Counterfeit cash costs Brevard businesses thousands per week

Can you spot the fake? Bills are printed, passed around Central Florida

BREVARD COUNTY, Fla. – Counterfeit bills are costing businesses thousands of dollars per week, according to the Brevard County Sheriff's Office Economics Crimes Unit.

Agent Mike Thomas said the bills are being used at gas stations, groceries, big box stores and other businesses.

Thomas keeps stacks of the fake bills on his desk from cases all over Brevard County.

A local bar owner turned in a counterfeit $100 bill after he discovered it was fake at the close of business one night.

"A gentleman purchased a $5 beer, got $95 back in real money, and before the bartender realized it was a fake bill, he was gone," Thomas said. 

Thomas said the Economic Crimes Unit will "follow the money" and track down who passed the bill originally using surveillance video, witness statements and license plate tags.

"Some of these bills will go to forensic unit to check for DNA, as well as fingerprinting, and that starts as our evidence chain," Thomas said.

Sometimes several people are involved in handling the counterfeit cash unknowingly, just by receiving the fake bills as change.

Thomas said it's critical for people to examine bills, especially large ones, for authenticity because you will lose the value of the money if it turns out it is counterfeit. Banks will not reimburse you.

"What I'm looking for is the visual clues, whether there's any discoloration in the paper," Thomas said. 

There are several tell-tale signs to spot real money versus a fake bill.

Thomas said real bills have reflective seals and markings. Newer bills have a watermark printed inside the bill showing the president printed on the surface of the bill. The watermark can be seen by holding up the bill to the light.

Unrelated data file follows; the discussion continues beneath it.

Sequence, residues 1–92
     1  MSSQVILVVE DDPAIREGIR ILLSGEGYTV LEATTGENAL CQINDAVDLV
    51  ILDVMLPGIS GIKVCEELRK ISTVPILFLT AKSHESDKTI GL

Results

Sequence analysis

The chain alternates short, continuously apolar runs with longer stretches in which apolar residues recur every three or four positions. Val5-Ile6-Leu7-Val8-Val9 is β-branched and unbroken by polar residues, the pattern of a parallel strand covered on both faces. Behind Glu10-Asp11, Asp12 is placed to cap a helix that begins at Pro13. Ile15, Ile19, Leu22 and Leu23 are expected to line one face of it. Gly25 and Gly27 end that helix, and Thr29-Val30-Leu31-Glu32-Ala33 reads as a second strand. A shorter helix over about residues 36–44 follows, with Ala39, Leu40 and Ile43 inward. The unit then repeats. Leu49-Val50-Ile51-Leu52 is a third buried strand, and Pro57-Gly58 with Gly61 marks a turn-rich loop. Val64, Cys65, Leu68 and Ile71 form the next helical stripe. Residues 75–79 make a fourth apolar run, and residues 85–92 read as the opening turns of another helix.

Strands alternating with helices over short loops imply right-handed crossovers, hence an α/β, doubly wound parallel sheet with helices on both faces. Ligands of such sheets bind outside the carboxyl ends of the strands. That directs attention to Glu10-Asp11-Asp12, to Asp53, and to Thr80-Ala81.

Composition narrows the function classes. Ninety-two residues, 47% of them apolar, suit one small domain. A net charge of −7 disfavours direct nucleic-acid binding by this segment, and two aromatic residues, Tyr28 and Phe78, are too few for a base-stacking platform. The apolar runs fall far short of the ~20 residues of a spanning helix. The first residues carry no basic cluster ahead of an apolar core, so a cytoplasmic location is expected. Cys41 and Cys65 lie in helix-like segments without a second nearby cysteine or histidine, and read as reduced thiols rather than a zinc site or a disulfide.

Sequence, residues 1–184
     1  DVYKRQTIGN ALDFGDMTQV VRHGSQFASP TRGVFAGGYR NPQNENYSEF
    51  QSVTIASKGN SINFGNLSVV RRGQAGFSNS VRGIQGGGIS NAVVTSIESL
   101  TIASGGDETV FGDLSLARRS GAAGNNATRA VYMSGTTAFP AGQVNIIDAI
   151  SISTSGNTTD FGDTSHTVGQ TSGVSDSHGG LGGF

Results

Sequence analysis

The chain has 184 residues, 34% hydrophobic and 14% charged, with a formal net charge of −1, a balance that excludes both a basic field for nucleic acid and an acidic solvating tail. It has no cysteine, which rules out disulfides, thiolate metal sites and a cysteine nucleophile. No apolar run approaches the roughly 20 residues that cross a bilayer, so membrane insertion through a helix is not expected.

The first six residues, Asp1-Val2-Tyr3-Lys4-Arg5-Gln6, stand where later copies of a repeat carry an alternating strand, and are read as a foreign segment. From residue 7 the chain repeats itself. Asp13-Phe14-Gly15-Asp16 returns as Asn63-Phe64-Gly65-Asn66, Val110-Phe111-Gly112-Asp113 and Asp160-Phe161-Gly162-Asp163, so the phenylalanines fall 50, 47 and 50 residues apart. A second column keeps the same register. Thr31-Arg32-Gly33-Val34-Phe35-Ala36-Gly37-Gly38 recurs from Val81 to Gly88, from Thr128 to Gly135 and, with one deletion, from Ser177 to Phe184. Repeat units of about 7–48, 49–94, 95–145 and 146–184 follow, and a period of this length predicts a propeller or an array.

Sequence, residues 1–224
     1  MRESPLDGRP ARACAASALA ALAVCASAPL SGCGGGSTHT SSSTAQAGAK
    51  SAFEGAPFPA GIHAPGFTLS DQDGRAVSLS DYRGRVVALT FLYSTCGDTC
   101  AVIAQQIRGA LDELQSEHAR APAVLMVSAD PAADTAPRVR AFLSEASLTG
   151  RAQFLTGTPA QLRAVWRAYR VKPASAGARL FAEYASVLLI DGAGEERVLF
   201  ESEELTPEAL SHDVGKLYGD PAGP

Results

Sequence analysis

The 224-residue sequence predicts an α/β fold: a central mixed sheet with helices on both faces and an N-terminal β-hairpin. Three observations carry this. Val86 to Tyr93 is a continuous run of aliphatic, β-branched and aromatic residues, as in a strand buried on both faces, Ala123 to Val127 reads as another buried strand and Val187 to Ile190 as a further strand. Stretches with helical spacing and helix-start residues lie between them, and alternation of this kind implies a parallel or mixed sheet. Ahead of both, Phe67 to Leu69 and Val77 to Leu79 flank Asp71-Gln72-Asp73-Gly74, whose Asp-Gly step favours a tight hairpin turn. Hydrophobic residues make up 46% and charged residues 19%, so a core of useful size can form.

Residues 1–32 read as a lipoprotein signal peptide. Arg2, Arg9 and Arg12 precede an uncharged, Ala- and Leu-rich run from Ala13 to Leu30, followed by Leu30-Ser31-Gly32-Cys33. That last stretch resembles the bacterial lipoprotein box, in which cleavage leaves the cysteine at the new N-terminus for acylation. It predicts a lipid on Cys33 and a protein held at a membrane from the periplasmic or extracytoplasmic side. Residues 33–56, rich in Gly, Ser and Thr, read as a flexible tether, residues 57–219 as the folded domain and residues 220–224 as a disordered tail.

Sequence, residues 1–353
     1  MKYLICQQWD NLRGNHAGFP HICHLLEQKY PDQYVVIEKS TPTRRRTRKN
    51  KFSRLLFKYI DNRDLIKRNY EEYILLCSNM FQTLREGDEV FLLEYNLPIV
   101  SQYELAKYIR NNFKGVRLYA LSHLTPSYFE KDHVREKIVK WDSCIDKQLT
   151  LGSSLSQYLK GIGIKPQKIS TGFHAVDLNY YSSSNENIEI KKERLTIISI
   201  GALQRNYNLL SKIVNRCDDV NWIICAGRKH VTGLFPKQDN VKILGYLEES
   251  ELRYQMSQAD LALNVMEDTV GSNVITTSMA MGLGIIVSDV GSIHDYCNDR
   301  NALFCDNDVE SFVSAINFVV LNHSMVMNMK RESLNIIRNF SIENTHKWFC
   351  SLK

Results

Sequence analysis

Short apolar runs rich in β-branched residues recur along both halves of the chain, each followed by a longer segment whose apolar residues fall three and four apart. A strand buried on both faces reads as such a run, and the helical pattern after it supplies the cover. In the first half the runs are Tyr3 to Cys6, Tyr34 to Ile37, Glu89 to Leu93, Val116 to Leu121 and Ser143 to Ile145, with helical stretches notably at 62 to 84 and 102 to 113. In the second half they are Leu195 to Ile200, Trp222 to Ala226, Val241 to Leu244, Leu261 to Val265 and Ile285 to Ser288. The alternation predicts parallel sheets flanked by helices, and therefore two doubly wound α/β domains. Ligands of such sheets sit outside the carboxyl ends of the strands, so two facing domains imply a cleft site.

Newer larger bills also have a paper strip embedded inside the bill that is also visible when holding it up to the light.

Real bills also have ridges printed on the jacket of the president. Rubbing your fingernail along the jacket will reveal the ridges.

Some businesses use counterfeit-checking pens that will turn a dark color if the paper is fake. Real bills are printed on linen-based paper.

Working with the U.S. Secret Service, the Brevard County Sheriff's Office Economic Crimes Unit has arrested several counterfeiters that were using inkjet printers to print fake bills, Thomas said.

Some will take fake cash used in Hollywood productions, known as "movie money," and erase markings that indicate it's fake.

Thomas said one suspect was printing large bills and used them to buy high-end vacuum cleaners at stores along Florida's east coast.

"He'd pay it with counterfeit money and then go up the road and now he has a receipt and do a return and gets real money back," Thomas said.

Thomas said the best way to spot counterfeit bills is to compare them side-by-side with real money so you can see the differences.

If you receive bills from a business that don't look or feel right, return it and ask for different bills, Thomas suggested.

Thomas said other areas of Central Florida, such as tourist areas, see more counterfeit cash because visitors from all of the world bring it in and filter it through local businesses.

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